I come now to Clause 11, which deals with the relief of the clergy. I need scarcely say that I welcome it. The position is this. The last Lambeth Conference, representing the Bishops of the whole Anglican Communion throughout the world, recommended that the marriage of one whose former partner is still living should not be celebrated according to the rites of the Church. Here in England both Convocations have decided that, in order to maintain the principle of a lifelong obligation which is clearly expressed in the Marriage Service, the Church should not allow the use of that Service to anyone who has a partner still living. I believe your Lordships will recognise that that is entirely right. So long as the Marriage Service exists—and no one has ever proposed that in this respect it should be changed—it must be allowed to preserve its solemn character. There is often, as we all know, far too much unreality about the use of it. That unreality will be aggravated, must be aggravated, by the use of these most solemn words when the circumstances of the parties contradict the words they use. This utter unreality in a matter of the greatest solemnity and in a religious service must be bad for the whole cause of religion.

But what is the present position of the law? The clergy are under obligation, as the noble Lord, Lord Eltisley, pointed out, to marry divorced persons like any duly-qualified parishioner, except parties found guilty of adultery in a divorce suit. Even then, according to the present law, they may permit some other minister to celebrate the marriage. The penalties incurred by a clergyman who refuses in this way to violate his conscience and the plain meaning of the terms he has to use are very doubtful, but at any rate the existence of the present legal obligation makes it difficult for Bishops to insist that what I think is a rightful principle of what I may call religious honesty shall be fulfilled. This clause, timely and equitable, removes that difficulty, and, as the noble Lord pointed out, it becomes the more necessary if the grounds of divorce are to be extended. There are, indeed, some who go farther and press for a clause which would definitely forbid the clergy of the Church of England to celebrate such marriages. In my judgment, however, while it is entirely appropriate for Parliament to grant exemptions from the existing law, I think it is for the Church rather than for Parliament to give orders to the clergy as to what services they shall or shall not celebrate in their churches.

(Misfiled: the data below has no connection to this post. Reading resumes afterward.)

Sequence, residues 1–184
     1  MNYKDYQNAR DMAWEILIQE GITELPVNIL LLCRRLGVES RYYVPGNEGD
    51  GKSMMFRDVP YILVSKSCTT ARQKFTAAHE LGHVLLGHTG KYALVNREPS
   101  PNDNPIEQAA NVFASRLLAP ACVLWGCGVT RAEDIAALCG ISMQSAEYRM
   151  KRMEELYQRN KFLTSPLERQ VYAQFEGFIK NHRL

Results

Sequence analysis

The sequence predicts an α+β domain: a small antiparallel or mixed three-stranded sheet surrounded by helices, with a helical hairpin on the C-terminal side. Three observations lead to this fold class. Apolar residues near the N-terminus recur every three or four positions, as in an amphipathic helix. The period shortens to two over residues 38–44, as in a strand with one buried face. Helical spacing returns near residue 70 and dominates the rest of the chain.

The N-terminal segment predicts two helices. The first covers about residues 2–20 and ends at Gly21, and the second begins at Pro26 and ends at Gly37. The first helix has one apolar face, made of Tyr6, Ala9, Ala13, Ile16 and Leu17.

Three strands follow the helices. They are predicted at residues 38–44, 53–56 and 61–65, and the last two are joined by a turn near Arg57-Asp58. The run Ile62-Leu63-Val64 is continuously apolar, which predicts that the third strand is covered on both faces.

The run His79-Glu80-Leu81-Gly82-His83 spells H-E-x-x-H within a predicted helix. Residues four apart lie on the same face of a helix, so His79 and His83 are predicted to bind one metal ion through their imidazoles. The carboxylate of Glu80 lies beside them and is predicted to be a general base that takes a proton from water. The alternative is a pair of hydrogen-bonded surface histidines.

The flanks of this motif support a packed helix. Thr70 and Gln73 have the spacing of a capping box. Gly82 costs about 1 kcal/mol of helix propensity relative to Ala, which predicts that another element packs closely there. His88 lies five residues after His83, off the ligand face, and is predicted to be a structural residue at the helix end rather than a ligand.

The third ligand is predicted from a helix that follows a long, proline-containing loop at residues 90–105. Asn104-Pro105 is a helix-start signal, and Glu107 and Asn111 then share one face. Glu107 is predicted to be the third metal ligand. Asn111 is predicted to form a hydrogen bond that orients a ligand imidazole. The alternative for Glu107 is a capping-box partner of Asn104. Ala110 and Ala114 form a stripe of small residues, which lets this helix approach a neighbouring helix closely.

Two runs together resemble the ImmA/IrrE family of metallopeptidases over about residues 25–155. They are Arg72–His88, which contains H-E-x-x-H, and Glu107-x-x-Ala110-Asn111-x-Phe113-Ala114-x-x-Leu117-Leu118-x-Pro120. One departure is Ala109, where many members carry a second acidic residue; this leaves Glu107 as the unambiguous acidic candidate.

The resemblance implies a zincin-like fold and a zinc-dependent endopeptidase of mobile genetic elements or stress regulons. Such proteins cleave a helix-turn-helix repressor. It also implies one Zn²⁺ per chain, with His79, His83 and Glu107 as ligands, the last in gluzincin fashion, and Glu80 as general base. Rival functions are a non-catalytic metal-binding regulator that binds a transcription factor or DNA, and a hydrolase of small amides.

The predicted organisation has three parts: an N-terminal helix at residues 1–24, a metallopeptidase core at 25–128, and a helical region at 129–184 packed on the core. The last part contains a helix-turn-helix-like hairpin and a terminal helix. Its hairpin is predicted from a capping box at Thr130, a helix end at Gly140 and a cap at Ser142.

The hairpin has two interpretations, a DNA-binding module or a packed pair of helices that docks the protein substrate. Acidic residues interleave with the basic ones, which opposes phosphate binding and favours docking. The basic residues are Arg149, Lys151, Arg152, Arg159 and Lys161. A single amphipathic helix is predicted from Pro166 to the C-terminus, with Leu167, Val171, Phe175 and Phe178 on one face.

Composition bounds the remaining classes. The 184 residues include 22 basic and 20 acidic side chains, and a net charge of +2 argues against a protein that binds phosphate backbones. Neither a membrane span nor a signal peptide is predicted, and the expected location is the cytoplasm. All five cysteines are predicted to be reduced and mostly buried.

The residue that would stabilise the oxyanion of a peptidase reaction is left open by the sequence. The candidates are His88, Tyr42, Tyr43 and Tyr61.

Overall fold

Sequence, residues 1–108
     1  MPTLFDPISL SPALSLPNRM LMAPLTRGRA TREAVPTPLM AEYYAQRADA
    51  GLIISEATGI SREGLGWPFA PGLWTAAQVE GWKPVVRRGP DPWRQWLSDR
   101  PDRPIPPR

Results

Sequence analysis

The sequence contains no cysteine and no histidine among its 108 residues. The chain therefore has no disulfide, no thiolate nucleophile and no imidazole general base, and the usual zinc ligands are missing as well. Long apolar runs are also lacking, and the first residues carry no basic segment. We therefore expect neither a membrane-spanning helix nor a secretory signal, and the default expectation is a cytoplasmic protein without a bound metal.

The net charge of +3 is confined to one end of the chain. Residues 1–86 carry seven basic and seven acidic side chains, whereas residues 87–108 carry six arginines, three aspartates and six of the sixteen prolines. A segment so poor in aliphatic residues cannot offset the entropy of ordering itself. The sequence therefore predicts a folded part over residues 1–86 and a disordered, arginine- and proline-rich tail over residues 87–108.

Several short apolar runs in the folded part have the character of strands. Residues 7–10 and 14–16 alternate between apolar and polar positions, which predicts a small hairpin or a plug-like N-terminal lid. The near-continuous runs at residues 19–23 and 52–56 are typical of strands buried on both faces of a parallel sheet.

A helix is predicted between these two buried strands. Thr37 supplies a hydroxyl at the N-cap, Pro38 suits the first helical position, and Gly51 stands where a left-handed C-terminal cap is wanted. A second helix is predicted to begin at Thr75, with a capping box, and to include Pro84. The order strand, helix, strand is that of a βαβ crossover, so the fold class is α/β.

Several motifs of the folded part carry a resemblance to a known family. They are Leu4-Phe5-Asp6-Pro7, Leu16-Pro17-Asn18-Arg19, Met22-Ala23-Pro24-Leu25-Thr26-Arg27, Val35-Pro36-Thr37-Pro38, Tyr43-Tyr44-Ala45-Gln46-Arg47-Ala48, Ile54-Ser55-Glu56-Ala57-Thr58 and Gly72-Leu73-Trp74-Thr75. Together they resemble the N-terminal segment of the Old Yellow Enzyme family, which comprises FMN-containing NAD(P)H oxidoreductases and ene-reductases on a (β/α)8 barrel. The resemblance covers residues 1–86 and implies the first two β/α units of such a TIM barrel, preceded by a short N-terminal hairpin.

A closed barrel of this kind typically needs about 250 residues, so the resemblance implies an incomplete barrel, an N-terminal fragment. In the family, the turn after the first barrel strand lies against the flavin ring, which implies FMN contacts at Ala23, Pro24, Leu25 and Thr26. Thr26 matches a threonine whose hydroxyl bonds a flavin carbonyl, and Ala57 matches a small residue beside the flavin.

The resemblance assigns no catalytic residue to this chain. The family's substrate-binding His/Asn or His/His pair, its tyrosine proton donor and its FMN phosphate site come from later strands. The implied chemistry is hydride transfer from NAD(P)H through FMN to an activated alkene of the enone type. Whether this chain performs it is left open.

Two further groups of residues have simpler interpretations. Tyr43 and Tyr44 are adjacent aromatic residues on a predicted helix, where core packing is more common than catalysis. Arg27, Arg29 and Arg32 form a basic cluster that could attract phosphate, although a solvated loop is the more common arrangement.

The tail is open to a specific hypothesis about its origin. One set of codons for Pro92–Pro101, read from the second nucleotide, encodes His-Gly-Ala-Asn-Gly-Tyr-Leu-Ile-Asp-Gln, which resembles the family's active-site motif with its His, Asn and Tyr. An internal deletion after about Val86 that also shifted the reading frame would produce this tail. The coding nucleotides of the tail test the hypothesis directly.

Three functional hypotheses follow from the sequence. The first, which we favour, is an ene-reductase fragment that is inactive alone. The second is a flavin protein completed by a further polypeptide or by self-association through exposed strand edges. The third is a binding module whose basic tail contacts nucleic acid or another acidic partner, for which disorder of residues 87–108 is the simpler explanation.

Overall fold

Thus, though I think this Bill is certainly capable of amendment and hope it will be amended, it has its real merits within the sphere of State law. Of course I associate myself with what my noble friend Lord FitzAlan said: that if in its passage through Committee there were any tampering with those clauses which I have described as in my judgment vital, or if other Amendments were introduced which made the Bill worse instead of better, I might be compelled to vote against the Third Reading. But, taking it as it stands, I cannot honestly, as a member of this House, vote against the Second Reading. Does it follow that I ought to vote for that Second Reading? That might seem to be a logical conclusion, but logic is very one-sided, and there is another side which I at least cannot ignore. There is no doubt whatever about the increase in the number of divorces from one cause or another. It is most significant and sinister. No statistics are needed; the congestion in the Courts is sufficient proof. Moreover, as we all know, opinions are expressed in quarters where we might least expect to hear the expression, that it is legitimate to regard marriage as an experiment which, after trial, may very fitly be brought to an end if it is not wholly successful. All this means a serious shaking of the stability of marriage in the community. Surely, therefore, it is the more necessary that the Church at least should maintain and uphold the standard which it believes to be in accordance with the mind of Christ. It has done so recently with some emphasis.